Bank gets ready to meet new challenges
Hong Kong's demographics are undergoing a significant change caused by the city's rapidly ageing population. This, combined with people staying in the workforce for longer and the rising number of women compared with men - and many of those women being the breadwinner - spells big challenges for the financial planning industry.
Despite this, personal financial needs still fall into three phases, says Ngan Lei-tjen, head of the consumer banking academy at Standard Chartered Bank (Hong Kong).
First, she says, comes the awareness stage, when young adults start to earn their first salaries and become spending consumers.
Second comes the planning stage: when the young person matures and acquires a more sophisticated lifestyle and becomes more interested in balancing outgoings with investment for their future. Then comes the harvesting stage: when the older person reaps the rewards of their investment efforts.
But despite the life stage developments for individual customers remaining the same, she said there were some characteristic changes. 'A longer post-retirement life means they need to think about investing more at a younger age,' Ngan said.
The bank was always aware of the changing needs of potential and existing customers and strove to offer suitable services to match.
'The common thread with almost all clients nowadays is concern about the effect of high inflation rates on their savings and the uncertain economic outlook,' said Daniel Chow Shiu-lun, general manager, sales and distribution. 'These have become the key customer concerns.'
Ngan explained that the bank had thought of this eventuality. Anticipating customers' focus would shift to their longer post-retirement lives and saving more money earlier to fund them, Standard Chartered had built up specialised teams geared to offering tailored investment options, with category specialists in loans, insurance, securities and investments.
'We work the 'SCB way' - the way of engaging customers, the way of delivering a differentiated and consistent brand promise - in a total customer-relationship approach,' she said. 'All our relationship managers conduct needs-based conversations with clients before identifying appropriate services for them, meeting the financial planning and wealth management needs of changing demographics.'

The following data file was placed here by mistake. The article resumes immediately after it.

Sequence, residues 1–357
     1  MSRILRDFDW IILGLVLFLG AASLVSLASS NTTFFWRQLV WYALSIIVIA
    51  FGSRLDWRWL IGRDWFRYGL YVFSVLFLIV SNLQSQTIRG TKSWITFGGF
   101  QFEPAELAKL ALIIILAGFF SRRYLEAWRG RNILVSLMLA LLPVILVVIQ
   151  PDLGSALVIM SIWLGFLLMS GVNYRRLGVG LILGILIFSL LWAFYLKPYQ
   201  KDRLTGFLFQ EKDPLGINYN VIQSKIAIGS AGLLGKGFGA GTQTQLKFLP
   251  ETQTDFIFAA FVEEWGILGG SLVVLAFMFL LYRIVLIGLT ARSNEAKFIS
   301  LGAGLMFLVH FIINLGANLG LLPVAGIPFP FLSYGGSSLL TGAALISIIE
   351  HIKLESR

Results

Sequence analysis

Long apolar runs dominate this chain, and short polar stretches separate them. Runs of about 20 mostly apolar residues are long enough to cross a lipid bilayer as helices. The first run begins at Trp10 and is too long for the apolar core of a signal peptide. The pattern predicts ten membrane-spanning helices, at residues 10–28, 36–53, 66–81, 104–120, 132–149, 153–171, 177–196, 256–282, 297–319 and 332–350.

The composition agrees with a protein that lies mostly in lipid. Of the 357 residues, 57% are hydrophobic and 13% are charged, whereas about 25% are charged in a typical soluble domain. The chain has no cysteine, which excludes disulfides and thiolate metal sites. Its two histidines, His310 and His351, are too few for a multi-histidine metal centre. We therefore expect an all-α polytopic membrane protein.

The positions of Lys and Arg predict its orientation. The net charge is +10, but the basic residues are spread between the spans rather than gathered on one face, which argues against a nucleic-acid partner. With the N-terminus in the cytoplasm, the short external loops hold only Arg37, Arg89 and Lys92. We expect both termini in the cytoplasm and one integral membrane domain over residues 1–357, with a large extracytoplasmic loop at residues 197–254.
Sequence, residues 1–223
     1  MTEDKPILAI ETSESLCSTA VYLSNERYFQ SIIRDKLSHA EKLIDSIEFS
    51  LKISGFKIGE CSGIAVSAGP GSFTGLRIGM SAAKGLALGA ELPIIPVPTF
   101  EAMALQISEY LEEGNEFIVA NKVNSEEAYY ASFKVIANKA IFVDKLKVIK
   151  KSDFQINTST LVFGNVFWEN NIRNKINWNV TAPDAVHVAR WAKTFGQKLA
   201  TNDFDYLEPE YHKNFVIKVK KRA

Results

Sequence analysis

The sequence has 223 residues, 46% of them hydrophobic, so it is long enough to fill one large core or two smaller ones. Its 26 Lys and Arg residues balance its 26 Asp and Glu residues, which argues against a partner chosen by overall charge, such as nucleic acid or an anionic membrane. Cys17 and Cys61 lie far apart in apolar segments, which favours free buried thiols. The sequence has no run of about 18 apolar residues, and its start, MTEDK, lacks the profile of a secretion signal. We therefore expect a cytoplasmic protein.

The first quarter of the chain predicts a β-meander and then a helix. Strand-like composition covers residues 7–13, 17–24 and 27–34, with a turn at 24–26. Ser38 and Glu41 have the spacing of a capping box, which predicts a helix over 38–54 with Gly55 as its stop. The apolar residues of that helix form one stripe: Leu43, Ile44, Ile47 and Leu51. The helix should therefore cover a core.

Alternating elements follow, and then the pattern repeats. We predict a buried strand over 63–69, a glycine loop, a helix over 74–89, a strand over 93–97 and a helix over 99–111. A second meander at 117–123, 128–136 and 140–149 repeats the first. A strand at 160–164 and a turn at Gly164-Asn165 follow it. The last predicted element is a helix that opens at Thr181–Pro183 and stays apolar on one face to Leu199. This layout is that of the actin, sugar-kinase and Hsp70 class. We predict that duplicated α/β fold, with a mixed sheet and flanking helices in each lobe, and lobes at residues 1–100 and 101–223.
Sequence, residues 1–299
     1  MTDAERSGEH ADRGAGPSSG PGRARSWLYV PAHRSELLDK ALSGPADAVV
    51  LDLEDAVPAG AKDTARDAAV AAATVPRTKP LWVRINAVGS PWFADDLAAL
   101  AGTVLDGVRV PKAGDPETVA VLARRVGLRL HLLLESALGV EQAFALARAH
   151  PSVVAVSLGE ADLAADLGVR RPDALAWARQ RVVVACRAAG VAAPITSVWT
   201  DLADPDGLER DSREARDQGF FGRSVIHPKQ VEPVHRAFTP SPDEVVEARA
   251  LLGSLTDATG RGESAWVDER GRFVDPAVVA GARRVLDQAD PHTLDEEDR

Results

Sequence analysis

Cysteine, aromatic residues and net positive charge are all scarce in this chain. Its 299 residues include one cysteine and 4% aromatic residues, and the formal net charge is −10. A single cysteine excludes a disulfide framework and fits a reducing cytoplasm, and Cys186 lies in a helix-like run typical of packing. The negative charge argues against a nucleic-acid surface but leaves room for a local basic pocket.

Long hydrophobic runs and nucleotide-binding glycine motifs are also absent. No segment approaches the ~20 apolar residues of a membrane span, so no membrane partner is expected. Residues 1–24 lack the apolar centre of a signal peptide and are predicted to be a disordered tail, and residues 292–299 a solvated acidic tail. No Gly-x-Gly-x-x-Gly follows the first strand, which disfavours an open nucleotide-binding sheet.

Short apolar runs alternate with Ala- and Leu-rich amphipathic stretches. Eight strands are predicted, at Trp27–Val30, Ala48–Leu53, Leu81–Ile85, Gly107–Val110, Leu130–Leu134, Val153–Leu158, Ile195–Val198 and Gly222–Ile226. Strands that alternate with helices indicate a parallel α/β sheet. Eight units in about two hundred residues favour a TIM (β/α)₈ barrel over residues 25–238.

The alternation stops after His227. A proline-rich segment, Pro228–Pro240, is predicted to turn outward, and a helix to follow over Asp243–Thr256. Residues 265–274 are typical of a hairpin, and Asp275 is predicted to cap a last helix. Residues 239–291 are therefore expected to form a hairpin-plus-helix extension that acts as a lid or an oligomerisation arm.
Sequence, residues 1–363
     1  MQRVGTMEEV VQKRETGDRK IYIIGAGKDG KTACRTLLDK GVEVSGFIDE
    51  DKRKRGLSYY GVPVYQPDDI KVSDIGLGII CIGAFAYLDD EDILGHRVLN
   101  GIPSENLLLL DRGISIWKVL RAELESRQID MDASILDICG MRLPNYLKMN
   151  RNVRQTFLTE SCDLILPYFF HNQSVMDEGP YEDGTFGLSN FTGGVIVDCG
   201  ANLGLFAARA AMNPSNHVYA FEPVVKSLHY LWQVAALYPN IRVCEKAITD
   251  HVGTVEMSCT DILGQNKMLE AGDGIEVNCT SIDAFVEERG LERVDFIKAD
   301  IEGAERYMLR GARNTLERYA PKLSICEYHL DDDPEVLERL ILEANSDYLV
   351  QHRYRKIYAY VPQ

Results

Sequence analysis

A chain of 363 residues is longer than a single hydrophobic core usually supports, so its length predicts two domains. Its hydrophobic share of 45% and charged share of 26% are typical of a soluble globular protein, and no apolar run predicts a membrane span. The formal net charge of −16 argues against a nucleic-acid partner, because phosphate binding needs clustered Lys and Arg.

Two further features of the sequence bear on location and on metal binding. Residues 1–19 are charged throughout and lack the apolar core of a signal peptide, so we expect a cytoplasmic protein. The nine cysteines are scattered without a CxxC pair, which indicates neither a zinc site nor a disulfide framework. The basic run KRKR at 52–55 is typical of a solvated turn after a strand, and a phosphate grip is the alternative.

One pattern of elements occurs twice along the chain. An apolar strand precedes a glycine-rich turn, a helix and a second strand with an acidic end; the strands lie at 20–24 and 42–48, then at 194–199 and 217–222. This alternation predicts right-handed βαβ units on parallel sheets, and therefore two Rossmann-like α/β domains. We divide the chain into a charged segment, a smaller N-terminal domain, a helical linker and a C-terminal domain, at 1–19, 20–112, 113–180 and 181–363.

Chow said that the change in some clients' attitude towards people in his profession and business, in light of the global financial meltdown, could actually be favourable for Standard Chartered.
'We are committed to delivering superior financial performance for our shareholders and committed to working diligently to massively multiply our leadership capability, while backing up our strong frontline team to put our customers' needs at the centre of everything we do,' he said.
When it came to coping generally with negative fallout from the financial crisis, continuous training for those on the frontline was essential.
Chow said each client came to the bank with a purpose. 'We ask ourselves if that customer's basic purpose has been fulfilled, executed well and followed up properly and thoroughly,' he said.
He was happy to explain the bank's transparent attitude to its charges and commissions, saying: 'All our frontliners understand the importance of disclosure of fees and charging structure to customers. We will make full disclosure to our customers and explain the effect that this may have on their investments.' Fees and charging structures could affect a customer's financial decision to a greater or lesser extent, he added.